Moran’s 2003 essay is an overview of the journal Computers and Composition from its inception in 1983 to 2002. He chronicles the ways in which hope is implemented as a force and theme throughout the journal. In particular, writers in C&C have shown hope, sometimes critically and sometimes uncritically, but as hope for certain advances or changes has been critiqued or dashed, new hopes arose. Moran argues that previous “hopes” expressed in the pages of the journal were for computers to alleviate some of the “drudgery” of writing and of teaching, for computers to improve student writing, and for technology to help rhetoric and composition to gain status with English departments and universities. As new research showed many of these hopes to be largely unfounded, Moran chronicles the change in direction for the journal in the 1990s, from an idea of “objective” researchers to a goal of educational reform (352-53). While prior hopes expressed in Computers and Composition may today seem naive or uncritical, Moran believes that “[t]hese hopes, however extreme they may now seem, became in their time powerful agents for good. I now read these antique hopes as the sign and cause of some very good and inspired teaching” (354).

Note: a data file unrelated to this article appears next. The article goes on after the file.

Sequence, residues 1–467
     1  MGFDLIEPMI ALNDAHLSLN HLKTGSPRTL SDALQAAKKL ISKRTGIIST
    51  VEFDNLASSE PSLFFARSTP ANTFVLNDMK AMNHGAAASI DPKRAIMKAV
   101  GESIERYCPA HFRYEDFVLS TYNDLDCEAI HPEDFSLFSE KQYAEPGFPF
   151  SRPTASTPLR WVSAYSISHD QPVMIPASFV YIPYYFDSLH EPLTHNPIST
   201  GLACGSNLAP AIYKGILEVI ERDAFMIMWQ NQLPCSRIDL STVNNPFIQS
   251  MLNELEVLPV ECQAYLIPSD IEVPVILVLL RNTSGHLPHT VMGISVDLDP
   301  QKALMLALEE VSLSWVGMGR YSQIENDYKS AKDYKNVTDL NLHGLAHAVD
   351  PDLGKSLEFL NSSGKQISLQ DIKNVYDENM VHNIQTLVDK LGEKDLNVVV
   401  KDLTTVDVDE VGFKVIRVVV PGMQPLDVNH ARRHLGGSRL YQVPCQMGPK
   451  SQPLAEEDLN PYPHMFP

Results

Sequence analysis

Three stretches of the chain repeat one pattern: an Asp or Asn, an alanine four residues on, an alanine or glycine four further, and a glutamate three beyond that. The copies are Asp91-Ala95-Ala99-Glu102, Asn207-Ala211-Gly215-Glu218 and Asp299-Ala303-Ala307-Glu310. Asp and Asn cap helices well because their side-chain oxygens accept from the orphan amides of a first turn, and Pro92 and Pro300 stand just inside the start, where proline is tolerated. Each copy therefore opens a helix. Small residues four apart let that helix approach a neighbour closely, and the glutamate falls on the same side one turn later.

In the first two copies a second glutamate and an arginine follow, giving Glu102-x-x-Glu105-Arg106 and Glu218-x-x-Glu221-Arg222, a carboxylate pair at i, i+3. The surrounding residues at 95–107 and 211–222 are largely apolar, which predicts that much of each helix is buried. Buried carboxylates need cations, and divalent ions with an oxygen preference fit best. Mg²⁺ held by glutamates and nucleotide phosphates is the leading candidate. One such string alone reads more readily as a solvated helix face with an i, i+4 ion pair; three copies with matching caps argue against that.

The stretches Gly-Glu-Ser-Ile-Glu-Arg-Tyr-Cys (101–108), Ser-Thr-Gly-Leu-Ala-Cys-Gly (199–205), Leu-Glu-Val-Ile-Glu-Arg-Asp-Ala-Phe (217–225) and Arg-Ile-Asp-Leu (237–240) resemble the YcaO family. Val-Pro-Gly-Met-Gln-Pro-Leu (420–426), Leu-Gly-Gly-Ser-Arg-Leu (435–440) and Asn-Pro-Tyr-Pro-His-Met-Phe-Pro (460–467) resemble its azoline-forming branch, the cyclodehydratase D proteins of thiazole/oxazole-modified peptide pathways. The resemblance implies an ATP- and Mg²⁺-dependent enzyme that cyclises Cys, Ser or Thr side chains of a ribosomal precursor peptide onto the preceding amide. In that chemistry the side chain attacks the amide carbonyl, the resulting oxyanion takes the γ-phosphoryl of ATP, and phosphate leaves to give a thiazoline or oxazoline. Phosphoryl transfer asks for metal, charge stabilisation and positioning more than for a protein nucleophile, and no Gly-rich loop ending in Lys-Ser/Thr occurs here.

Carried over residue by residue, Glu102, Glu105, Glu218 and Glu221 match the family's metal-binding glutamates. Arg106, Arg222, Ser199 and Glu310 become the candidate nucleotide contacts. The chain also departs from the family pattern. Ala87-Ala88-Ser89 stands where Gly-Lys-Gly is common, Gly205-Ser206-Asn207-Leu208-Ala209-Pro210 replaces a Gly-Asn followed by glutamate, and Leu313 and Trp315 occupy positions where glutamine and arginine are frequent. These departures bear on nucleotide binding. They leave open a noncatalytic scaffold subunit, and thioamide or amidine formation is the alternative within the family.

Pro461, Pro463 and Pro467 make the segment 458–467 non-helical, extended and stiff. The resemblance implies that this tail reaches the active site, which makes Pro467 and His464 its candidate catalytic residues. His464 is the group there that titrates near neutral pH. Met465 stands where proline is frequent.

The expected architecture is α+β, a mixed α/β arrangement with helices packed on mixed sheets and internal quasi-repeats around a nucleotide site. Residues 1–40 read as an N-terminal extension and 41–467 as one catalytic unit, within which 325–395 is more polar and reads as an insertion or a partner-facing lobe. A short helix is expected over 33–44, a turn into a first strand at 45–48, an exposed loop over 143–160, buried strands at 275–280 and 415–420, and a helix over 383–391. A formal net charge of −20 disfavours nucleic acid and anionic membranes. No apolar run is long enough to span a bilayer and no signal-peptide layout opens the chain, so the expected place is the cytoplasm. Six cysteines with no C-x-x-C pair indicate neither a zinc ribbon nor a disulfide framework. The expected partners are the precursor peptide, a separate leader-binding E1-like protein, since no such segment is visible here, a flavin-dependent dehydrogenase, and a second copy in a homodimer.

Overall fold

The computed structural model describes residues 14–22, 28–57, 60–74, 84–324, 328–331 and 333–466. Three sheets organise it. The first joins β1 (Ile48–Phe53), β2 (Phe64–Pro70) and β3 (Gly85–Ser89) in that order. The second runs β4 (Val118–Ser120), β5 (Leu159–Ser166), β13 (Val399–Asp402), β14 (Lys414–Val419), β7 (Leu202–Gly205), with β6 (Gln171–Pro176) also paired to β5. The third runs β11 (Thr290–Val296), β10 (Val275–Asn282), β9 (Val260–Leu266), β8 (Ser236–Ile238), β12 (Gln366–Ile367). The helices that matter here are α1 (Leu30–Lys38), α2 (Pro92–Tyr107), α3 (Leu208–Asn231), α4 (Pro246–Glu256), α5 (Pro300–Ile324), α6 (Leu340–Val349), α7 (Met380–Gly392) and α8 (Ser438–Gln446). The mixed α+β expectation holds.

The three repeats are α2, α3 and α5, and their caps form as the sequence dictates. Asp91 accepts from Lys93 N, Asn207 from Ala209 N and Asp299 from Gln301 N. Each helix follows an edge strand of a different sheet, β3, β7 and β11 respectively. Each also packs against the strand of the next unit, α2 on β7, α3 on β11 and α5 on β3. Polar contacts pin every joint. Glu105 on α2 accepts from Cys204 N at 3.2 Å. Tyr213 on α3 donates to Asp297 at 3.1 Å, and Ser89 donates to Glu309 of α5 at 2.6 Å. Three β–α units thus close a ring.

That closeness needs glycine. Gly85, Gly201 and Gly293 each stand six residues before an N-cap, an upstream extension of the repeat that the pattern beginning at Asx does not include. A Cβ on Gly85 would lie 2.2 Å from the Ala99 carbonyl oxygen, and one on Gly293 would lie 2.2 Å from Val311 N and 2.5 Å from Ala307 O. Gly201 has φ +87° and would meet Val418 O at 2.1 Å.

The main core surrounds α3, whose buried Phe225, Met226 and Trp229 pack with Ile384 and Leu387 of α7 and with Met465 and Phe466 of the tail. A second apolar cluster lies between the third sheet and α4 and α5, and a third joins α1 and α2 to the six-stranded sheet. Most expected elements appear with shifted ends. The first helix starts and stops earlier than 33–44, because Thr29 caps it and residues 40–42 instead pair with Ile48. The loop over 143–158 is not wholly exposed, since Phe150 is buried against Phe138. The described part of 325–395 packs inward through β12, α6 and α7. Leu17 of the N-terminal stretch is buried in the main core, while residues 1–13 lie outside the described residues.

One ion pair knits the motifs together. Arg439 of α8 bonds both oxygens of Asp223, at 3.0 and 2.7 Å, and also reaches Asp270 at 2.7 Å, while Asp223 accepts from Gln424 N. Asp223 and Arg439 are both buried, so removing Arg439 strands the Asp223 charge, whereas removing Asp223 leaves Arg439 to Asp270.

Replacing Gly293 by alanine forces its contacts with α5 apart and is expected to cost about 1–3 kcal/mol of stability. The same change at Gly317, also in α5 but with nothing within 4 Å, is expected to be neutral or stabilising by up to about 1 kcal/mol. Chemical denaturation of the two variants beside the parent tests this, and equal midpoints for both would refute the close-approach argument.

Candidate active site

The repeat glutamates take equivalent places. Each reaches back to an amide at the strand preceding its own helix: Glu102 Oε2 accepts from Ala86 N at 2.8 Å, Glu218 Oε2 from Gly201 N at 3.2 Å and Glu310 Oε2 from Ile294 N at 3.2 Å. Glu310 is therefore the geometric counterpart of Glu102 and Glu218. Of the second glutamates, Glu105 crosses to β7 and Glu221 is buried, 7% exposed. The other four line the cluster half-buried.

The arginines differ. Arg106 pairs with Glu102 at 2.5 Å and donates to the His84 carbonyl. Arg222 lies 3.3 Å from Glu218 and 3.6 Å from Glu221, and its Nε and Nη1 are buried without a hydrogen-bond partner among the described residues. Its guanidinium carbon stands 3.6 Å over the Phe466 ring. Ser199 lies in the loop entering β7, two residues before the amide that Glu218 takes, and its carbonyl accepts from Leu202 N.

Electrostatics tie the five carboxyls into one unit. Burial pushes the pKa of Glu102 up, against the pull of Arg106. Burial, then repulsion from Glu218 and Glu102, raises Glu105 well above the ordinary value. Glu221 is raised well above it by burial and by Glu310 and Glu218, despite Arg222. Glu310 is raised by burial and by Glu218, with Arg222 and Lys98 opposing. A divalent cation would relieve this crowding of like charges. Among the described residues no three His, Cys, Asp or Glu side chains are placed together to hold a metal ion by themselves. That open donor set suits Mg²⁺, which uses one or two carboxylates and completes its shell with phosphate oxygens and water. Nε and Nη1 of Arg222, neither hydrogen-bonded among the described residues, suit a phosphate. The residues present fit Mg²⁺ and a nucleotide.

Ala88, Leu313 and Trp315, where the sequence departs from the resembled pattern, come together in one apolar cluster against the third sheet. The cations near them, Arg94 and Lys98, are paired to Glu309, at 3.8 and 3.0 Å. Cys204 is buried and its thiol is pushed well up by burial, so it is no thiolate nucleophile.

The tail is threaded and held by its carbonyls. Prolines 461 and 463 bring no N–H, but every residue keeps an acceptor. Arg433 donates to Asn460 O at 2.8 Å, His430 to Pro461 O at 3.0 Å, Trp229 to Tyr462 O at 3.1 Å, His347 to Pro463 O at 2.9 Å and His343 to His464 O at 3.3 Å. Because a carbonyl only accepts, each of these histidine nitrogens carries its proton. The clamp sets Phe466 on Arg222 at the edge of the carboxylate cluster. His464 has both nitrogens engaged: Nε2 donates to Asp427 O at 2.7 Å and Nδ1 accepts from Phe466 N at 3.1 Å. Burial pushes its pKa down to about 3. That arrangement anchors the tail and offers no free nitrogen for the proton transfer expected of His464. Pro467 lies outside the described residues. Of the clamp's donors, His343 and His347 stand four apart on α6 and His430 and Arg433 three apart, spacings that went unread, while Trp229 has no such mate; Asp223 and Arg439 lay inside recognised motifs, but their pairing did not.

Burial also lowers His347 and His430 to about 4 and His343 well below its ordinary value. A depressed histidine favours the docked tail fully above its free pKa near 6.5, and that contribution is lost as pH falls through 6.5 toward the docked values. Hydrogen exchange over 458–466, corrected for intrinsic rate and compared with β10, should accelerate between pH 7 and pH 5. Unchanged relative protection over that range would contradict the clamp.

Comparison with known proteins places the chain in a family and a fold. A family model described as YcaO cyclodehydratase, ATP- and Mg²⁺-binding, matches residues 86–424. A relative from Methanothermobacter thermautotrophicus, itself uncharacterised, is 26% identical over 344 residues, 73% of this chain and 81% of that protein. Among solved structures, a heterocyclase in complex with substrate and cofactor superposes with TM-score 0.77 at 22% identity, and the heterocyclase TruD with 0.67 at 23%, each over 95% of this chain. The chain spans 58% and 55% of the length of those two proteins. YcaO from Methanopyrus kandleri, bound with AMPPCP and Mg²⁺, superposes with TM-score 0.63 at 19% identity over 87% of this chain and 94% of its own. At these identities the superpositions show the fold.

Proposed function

Moran, Charles. “Computers and Composition 1983-2002: What We Have Hoped For.” Computers and Composition 20 (2003): 343-58.